I would never give my children to anyone who uses the naughty anything! what you have described above are actually humiliating tactics...sad to hear parents do not challenge the school

Ofsted do not have nutritional standards...can I see them please, I use my own which compare favourably with those used by parents
Knowing how to feed kids properly is not rocket science

Strix Wed 21-Nov-12 06:48:21

Well, I think a child who has been naughty should be told so. How else will they understand what they have done wrong? Children are very resilient and they can only learn from us if we are honest with them. There seems to be all kinds of hysteria regarding the word "naughty" in childcare and education. It has been replaced with the word "silly". So children grow up thinking silly means naughty, but they get the same message on their way to the naughty silly step.

When I use the word silly to represent its true meaning, it's very clear my children think I am cross and that it is a bad thing. So, I tell them what silly really means.

Incidentally "time out" is as far as I know the American translation to the British "naughty step".

These things are a bit trivial in my view. I don't need ofsted to regulate them for me. As a parent these are questions I would ask before engaging a childminder. But what I would choose may not be right for someone else's children.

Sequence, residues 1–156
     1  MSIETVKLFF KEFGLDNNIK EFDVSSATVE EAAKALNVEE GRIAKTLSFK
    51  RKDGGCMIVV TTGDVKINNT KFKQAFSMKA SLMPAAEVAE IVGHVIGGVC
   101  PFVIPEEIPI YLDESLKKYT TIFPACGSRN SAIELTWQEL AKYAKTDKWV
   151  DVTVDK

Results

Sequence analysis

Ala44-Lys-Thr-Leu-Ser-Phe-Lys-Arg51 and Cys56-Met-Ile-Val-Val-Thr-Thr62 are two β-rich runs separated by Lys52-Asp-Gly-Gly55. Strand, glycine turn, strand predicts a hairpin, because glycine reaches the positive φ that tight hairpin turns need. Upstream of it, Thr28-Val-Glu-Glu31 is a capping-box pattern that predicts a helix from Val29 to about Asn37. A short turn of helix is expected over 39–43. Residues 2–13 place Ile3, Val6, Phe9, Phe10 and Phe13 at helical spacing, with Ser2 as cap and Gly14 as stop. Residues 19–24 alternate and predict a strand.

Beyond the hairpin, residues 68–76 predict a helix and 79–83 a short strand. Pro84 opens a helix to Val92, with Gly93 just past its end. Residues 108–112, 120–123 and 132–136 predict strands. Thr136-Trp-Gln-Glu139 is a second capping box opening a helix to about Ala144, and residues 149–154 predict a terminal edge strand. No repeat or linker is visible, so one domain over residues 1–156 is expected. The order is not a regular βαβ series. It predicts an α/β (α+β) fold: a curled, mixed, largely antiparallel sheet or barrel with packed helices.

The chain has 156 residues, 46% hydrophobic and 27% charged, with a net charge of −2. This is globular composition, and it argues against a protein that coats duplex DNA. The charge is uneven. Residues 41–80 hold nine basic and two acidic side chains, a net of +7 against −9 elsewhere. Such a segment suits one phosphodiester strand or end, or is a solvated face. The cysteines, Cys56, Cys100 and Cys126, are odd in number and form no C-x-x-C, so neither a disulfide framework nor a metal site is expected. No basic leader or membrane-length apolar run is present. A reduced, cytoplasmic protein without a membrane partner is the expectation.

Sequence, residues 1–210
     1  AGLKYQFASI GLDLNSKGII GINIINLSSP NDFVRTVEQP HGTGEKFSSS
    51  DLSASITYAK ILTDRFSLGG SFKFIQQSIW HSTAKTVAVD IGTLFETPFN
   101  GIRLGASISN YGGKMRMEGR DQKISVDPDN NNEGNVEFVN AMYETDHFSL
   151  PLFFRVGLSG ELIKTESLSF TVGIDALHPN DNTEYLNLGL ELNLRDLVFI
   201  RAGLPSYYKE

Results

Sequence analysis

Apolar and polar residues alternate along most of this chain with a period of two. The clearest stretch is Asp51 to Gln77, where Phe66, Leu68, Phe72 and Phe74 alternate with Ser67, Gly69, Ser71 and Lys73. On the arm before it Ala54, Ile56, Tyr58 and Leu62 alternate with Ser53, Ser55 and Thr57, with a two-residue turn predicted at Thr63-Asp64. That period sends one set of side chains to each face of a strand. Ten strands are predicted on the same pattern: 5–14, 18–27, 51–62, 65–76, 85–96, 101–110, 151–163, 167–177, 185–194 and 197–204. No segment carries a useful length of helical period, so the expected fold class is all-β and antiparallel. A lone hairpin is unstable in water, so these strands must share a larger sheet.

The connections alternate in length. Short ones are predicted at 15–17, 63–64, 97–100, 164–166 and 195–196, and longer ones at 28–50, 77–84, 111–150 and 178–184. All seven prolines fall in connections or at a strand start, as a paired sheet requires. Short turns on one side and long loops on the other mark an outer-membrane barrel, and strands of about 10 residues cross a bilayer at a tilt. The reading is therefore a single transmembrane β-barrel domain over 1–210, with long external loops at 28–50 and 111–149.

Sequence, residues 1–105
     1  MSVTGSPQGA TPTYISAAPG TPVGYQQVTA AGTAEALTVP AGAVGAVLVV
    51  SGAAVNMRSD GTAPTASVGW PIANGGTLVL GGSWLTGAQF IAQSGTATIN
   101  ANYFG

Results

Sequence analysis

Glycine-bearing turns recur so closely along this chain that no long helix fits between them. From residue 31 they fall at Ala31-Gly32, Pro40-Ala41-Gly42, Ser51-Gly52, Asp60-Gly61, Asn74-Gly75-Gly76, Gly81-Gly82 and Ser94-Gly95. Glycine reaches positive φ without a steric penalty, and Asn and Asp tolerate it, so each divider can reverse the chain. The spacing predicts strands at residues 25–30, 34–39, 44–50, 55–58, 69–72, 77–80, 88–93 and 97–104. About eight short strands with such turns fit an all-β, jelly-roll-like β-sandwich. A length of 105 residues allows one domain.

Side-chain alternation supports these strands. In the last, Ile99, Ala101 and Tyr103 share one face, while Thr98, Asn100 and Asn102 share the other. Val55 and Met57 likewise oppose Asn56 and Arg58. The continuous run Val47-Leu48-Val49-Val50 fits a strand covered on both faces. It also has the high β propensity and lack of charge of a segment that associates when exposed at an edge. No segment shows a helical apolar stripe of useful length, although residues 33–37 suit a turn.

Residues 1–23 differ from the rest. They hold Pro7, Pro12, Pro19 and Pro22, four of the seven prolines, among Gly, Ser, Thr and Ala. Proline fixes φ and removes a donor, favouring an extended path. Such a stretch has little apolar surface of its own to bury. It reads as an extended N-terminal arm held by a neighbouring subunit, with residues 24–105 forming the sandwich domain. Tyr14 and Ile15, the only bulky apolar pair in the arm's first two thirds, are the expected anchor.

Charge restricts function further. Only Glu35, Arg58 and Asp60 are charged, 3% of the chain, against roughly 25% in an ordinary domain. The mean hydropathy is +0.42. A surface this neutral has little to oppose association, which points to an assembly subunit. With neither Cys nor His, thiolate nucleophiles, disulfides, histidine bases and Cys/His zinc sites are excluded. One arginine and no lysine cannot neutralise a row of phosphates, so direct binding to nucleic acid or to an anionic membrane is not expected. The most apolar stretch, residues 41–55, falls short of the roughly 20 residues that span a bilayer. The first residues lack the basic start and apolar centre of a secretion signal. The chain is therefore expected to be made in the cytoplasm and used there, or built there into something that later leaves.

OFSTED's nutritional standards are frankly lacking, and on that point, they should raise their game.

littleducks Tue 20-Nov-12 22:49:11

In reception at my kids school they have a time out chair

The kids all come out saying x sat on the naughty chair today wink

It's a punishment, like standing on the wall at break time or having your name put on the 'sad cloud' but I'm not sure I would go so far as to say its humiliating!

HolyBrrrrrrBatman Tue 20-Nov-12 22:39:35

'Ofsted do not have a list'

they must have some sort of list/guidelines/rules to work from, how else do they know what is currently considered 'good practice'.

Italiana Tue 20-Nov-12 22:36:27

There is a vast different between a 'naughty step' and 'time out'
Naughty is a word good and qualified practiitoners rarely use, the naughty step is humiliating..see Steve Biddulph or Jennie Lindon
Time out is for reflection on actions and consequences and you never leave a child alone at time out but talk sensibly and encourage good behaviour

Ofsted do not have a list..neverseen one in 5 inspections, they judge on good practice and behaviour management I hope?
We do not have nutritional guidelines just feed the children a well balanced diet which is learnt at NVQ3...mine is mainly freshly cooked and mediterrenean= healthy and yummy!